Tuesday, June 3, 2008

100th Post: "Magical Realism"

For my 100th post, I thought I'd do something different. I will share with you one of my favorite poems by a little-known Kashmiri poet, Agha Shahid Ali. The poem--which contains incredible imagery--is introduced by the simple, unassuming title, "Snowmen." Enjoy after clicking either one of the following two links:



Here is the last stanza:

No, they won't let me out of winter,
and I've promised myself,
even if I'm the last snowman,
that I'll ride into spring
on their melting shoulders.

After reading the full poem, take a moment to enjoy the images--a woman frozen by a man's embrace, a "snowman" riding into the future Spring--and then check out this link, which explains the poem a bit more:

[FYI: link no longer works] http://www.himalmag.com/2002/february/passing_1.htm

From the above link:

I approached the poem “Snowmen”, from which these lines are taken as an immediate sensuous apprehension. It was later that I thought of its feminist implications. There are two things hidden in that poem. One is a poem by Wallace Stevens called “The Snowmen”. If you read it you won’t see the connection but it is there for me. The other is a scene that has haunted me for a long time from Wuthering Heights. The narrator is staying at Heathcliff’s house because there has been a terrible storm and the ghost of Katherine knocks on the window. She says, “I’m cold. Let me in”. He opens the window and the glass breaks somehow. He takes the hand of the ghost and rubs it against the glass and there is blood. It’s an amazing scene. Talk about magical realism. People think about that novel and they want neat answers. [Bronte’s] whole enterprise is that there are no neat answers. But to provide you with a neat answer: I’m thinking about my ancestry and the lost women in this ancestry who we never hear about. I know everything about my father, his father, his father’s father and so on for nine generations. But I know nothing before my grandmother. So I’m trying to find these lost women. These are difficult questions, there are no neat answers. You can have a feminist construct when you read that poem.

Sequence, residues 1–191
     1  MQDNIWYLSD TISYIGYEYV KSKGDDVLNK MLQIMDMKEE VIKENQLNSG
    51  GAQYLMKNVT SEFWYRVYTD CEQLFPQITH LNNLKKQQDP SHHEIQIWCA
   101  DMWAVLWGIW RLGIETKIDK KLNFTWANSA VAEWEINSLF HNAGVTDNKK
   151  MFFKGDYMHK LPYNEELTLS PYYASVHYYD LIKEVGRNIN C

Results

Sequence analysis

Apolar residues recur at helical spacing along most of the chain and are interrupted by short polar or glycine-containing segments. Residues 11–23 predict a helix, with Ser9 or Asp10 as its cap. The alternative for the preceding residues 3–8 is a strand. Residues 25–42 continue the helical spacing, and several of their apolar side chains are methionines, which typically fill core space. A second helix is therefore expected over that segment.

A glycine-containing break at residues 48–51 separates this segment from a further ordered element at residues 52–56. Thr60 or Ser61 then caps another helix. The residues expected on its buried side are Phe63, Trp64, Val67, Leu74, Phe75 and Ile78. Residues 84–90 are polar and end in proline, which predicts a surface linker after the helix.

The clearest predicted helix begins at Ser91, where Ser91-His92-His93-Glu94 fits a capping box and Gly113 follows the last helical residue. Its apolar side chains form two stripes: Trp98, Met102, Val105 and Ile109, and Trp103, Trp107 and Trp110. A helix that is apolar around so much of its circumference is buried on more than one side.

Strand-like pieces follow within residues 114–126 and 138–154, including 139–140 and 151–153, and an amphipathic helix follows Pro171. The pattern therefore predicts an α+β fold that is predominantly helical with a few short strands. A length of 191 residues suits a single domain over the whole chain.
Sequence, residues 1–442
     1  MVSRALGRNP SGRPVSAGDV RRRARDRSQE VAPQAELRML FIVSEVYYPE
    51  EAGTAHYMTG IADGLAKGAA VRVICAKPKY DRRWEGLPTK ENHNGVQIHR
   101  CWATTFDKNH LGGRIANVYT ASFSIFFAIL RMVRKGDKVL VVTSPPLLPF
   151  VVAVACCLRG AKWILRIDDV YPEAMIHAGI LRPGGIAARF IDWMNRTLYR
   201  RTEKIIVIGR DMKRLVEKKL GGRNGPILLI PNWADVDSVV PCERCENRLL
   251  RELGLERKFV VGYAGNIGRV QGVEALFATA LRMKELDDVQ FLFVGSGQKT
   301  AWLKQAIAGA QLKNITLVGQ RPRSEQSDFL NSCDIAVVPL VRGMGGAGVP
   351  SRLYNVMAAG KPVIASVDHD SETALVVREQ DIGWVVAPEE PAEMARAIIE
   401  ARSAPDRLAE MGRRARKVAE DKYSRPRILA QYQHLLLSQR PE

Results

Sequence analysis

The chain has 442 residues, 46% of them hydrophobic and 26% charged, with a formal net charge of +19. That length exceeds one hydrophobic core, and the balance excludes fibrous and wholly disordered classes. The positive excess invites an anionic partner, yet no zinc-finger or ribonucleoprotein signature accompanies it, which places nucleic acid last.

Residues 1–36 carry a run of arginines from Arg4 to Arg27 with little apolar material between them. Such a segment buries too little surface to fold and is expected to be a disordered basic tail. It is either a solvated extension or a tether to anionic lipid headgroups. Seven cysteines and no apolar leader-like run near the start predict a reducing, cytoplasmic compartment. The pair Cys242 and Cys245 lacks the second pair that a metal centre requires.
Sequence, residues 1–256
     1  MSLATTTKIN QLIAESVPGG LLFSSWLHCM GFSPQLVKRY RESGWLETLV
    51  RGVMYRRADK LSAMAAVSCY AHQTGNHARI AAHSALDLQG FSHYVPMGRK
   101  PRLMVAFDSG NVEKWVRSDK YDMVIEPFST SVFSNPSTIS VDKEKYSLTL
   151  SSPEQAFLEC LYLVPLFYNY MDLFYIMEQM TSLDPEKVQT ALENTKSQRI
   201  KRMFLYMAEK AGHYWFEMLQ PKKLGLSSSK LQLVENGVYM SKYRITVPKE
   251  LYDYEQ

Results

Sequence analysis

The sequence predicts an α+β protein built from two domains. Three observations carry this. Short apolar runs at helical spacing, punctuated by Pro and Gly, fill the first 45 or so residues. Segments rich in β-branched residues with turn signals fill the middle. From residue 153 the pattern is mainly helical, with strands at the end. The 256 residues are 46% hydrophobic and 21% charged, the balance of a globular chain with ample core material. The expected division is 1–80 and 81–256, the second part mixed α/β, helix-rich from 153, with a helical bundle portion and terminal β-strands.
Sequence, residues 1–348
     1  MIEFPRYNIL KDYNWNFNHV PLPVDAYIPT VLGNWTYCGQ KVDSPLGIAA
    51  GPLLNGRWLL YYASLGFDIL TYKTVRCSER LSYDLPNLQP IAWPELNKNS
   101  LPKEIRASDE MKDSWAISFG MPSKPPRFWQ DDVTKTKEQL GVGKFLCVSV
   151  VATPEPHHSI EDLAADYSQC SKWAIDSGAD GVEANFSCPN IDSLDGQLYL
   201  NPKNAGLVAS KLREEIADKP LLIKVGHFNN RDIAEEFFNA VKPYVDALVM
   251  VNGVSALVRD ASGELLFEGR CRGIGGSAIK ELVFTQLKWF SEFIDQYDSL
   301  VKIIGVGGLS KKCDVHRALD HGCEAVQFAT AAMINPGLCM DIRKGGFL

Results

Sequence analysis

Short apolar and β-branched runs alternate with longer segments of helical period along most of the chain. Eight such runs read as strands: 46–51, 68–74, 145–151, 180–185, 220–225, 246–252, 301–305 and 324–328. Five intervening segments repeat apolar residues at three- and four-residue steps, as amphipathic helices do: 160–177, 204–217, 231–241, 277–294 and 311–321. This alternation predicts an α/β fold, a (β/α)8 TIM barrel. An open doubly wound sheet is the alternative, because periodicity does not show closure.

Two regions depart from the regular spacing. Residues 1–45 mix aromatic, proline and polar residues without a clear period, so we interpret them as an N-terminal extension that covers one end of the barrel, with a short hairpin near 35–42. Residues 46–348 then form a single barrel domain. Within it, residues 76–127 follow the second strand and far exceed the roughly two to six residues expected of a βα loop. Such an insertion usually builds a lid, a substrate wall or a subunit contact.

I love how
Agha Shahid describes "Snowmen," but his explanation strikes me as too opaque. I would have never independently arrived at his "feminist" interpretation.  After all, much of the poem focuses on male imagery, such as "his skeleton," "his breath," "a man of Himalayan snow," and of course, the title itself, "Snowmen."  Shahid seems to be playing all sides by saying there are no neat answers, providing one, and then reminding us that there are no neat answers.  For me, "Snowmen" means something different. It represents the immigrant experience and persevering through difficulty to ensure that previous generations--both male and female--did not toil in vain. That's how I interpret the poem, especially the last stanza, which is my favorite. 

No comments: